So, a camera with a big sensor and, say, six megapixels of resolution can take a higher-quality image than a camera with a small sensor that packs in eight megapixels.
Those megapixels really get crammed in there when you’re working with a small sensor, so even though you’re theoretically getting an image with higher resolution, you’re actually getting an image of lesser quality.
So, how do you know whether your camera has a small sensor or a big one?
As a rule of thumb, digital SLR cameras (single-lens reflex) have larger sensors than digital viewfinder cameras (point-and-shoot cameras). If you’re not sure what a digital SLR is, the easiest way to explain it is this: they’re the ones with the interchangeable lenses. When you look through the eyepiece, you’re actually looking at a reflection of what the lens sees, not through a separate window from your lens.
So… if you’re trying to decide between a digital point-and-shoot camera with eight megapixels or a digital SLR with 6 megapixels, you’ll get better quality images from the camera with the larger sensor. It will also do a better job in low light situations, where “noise” is more evident. Of course, price is always a factor and you can expect to pay more for the digital SLR. But if you can fit it into your budget, definitely go with the digital SLR. You’ll have a better sensor, not to mention you’ll also have much more control over your pictures once you learn your way around your camera’s manual controls.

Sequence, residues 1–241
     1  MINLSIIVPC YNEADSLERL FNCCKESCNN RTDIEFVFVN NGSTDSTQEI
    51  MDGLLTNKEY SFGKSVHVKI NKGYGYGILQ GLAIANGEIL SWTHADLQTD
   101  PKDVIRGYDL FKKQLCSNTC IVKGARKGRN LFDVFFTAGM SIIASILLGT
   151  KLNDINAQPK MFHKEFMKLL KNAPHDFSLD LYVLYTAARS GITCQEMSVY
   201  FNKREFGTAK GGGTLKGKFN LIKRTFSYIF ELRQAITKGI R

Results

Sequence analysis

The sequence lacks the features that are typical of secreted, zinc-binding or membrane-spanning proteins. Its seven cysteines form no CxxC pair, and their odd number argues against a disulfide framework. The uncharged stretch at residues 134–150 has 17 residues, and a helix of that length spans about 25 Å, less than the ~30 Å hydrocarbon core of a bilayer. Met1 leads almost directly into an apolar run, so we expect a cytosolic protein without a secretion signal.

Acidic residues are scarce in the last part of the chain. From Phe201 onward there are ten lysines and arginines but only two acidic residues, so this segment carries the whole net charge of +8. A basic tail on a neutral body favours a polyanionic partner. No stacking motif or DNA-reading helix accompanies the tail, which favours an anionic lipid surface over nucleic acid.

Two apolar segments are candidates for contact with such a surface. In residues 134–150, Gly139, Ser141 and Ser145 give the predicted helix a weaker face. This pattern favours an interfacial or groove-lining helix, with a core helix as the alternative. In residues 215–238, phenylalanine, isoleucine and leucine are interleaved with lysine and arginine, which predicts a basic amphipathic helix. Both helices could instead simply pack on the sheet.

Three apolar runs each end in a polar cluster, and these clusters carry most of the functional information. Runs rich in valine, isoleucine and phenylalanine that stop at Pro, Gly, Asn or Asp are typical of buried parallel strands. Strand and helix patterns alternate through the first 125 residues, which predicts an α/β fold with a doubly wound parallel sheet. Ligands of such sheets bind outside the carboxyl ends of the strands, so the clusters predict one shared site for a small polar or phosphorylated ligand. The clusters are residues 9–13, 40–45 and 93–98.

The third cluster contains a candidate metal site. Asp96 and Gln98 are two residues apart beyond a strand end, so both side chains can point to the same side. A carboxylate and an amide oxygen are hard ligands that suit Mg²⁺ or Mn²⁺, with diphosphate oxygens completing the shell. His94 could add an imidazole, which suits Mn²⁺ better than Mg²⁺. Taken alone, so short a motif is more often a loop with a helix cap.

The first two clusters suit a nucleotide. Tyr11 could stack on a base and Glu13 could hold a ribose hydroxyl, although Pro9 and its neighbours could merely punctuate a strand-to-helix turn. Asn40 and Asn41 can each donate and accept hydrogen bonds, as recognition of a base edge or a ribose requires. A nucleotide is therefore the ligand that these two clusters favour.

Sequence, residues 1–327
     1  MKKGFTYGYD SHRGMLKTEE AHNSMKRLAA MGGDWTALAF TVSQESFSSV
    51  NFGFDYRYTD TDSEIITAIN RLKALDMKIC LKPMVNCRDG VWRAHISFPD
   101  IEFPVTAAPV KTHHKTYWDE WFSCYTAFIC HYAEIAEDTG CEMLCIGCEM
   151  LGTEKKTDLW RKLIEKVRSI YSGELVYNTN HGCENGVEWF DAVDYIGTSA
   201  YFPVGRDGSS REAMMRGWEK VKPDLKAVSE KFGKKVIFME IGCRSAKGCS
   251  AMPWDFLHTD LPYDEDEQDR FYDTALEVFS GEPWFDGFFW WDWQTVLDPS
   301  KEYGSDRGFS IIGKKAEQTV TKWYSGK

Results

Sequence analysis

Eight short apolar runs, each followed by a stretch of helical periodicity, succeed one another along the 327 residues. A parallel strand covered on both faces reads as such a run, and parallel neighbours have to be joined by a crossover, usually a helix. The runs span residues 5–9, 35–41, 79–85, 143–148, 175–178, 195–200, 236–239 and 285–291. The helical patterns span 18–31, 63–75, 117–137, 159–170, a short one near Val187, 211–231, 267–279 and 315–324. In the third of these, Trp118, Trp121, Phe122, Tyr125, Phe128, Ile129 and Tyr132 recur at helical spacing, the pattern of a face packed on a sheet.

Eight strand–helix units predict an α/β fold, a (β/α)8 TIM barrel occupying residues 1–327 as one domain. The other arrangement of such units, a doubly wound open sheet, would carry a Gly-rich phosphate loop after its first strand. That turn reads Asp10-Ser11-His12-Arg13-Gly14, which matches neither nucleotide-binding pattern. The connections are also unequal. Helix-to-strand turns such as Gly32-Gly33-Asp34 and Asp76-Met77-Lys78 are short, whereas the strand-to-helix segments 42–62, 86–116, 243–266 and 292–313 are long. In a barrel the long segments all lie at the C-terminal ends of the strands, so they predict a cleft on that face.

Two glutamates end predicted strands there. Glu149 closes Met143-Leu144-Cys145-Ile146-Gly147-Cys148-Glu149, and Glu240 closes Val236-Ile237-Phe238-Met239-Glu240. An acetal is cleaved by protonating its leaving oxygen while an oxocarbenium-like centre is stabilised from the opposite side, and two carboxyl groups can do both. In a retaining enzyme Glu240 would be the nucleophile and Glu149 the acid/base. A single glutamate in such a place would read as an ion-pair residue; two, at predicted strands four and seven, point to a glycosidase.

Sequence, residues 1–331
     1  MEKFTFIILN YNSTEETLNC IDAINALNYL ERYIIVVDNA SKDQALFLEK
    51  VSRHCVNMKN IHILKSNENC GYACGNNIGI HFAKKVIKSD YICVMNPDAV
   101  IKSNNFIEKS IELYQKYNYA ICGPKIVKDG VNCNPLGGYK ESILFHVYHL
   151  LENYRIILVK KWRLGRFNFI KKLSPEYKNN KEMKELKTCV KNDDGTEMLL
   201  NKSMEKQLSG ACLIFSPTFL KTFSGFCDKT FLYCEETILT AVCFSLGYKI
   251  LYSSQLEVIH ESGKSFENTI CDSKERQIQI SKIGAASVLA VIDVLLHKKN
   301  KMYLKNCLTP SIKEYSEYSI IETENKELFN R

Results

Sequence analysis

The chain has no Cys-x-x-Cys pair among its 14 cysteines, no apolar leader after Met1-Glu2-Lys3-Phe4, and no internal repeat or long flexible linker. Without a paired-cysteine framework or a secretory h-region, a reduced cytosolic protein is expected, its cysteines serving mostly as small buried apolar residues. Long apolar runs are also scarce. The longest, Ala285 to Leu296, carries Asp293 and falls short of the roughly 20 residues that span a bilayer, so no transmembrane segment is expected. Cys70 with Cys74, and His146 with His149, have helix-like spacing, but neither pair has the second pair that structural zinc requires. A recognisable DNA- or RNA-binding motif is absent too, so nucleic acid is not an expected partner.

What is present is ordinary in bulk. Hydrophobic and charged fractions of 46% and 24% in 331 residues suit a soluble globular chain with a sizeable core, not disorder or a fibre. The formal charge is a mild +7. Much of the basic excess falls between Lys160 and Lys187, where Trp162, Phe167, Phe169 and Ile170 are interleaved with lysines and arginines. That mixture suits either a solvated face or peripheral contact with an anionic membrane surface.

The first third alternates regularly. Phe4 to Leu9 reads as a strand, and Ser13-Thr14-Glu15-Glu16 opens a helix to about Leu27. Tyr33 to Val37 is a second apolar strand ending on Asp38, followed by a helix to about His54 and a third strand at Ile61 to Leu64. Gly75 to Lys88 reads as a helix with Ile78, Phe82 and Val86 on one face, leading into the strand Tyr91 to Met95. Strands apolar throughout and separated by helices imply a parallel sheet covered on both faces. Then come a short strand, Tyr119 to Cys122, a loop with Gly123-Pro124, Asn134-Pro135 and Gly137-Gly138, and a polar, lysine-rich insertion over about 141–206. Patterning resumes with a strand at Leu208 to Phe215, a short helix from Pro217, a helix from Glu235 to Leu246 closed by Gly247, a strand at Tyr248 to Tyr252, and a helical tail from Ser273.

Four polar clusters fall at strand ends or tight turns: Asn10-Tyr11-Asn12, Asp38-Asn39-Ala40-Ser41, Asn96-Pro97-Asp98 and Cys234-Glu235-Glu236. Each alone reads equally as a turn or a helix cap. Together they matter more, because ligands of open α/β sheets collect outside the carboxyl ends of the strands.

So that’s PARIS PHOTO TIP #1: A larger sensor is more important than number of megapixels when you’re shopping for your next digital camera.
And I’ll add this. We can call it PARIS PHOTO TIP #2: There’s no need to buy a new camera until you’ve outgrown the one you’ve got.
It’s not the paintbrush that makes the painter. The first photo I ever sold was made with a $75 plastic-bodied Vivitar. Once I learned my way around that camera and made it take the best images it was capable of, and found that I wanted more, only then did I upgrade.
Like I said earlier, if the camera you have meets the basic criteria, that’s good enough to make money. Whatever camera you have today really can help you sell more travel articles.
And if you haven’t sold a travel article yet, submitting your article with photos could help make it happen for you.
Give it a try! And to that end…
New This Year: The Paris Push
I understand all too well that sometimes the hardest thing is just getting started, so I’ll be here the rest of the week to help give you a little push in the right direction.
Here’s your Paris Push for today: Think of your favorite place in your hometown. It could be a restaurant, a park, a museum, a statue, a swimming hole, a tree with history… most anything at all. If it happens to be something you pass regularly on your way to work or wherever, that’d be even better.
Right now, once you finish reading this letter, write a paragraph or two about what makes that place so great. (Be sure to follow the guidelines you’ve learned from the travel writing program… or even just from your free Write Way to Travel subscription!)
Then before this time tomorrow, go take a few pictures of the place. One up close, one from a distance, one with people in the picture… you get the drift. Take a bunch of different pictures.
Looks like you’ve just finished a travel article! More tomorrow…
Well, that’s it for today. We’re getting up before dawn to visit the Sacre Coeur monastery in the Montmartre neighborhood. We’d like to practice capturing the warm tones of early morning.
I’m looking forward to the shoot – but not so much the getting up, so I’ll leave you with that.
Writer and Photographer
[Editor’s Note: Learn more about opportunities to profit from your travels (and even from your own home) in our free online newsletter The Right Way to Travel.]